VinTek forwarded a list of twelve financial truths written by Jonathan Clements for The Wall Street Journal. The full article is now behind a paywall. Here are the bullet points:

  • It’s hard to cut back. Once you’re used to a certain standard of living, it’s difficult to go back. This is an excellent argument for socking away salary increases in savings.
  • You’ll never be satisfied. There’s always something else you’ll want. If you can learn to curb your desires, you’ll reach your goals more quickly.
  • Borrowings have to be repaid. With interest. A credit card is not free money.
  • Fancy cars and expensive clothes aren’t a sign of wealth. They’re merely a sign of spent money. (Or, quite often, borrowed money.)
  • Your family could prove to be your greatest liability. It’s not just kids: adult children can be a drain on finances, and so can elderly parents who haven’t saved for retirement. Encourage your entire family to engage in sensible personal finance habits.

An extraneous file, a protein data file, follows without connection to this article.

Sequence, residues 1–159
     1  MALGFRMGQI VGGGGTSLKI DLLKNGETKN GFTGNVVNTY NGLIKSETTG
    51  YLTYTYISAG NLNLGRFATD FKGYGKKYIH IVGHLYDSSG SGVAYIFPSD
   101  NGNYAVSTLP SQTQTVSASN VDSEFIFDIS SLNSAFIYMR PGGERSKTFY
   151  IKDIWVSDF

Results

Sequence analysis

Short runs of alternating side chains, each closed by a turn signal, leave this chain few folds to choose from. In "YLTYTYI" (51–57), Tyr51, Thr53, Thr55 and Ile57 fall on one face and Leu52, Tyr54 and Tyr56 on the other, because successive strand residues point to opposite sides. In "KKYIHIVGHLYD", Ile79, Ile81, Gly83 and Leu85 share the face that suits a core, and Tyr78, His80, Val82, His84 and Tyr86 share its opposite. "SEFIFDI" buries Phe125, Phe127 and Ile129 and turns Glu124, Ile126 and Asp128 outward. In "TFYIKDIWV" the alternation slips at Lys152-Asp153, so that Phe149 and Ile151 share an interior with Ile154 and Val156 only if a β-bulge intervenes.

• Investors face three enemies: inflation, taxes, and investment costs. Minimize their effects any way you can.
  • Adding risky investments can lower risk. Contrarian investments can actually even out your portfolio’s performance over the long run.
  • Diversification is a mixed bag. A diversified portfolio can perform well at times, but can be dragged down by poor performers at others.
  • Not all risk is rewarded. If your diversified portfolio declines in value, you can bet it’ll eventually recover. That’s not always true with individual stocks.
  • Most investors fail to beat the market.
  • Change is costly. Any time you buy and sell investments, you’re paying a price. Only buy and sell when absolutely necessary.
  • Your best investment strategy is saving. The more money you’ve saved, the more you have to invest.

It’s helpful to keep the basics in mind at all times.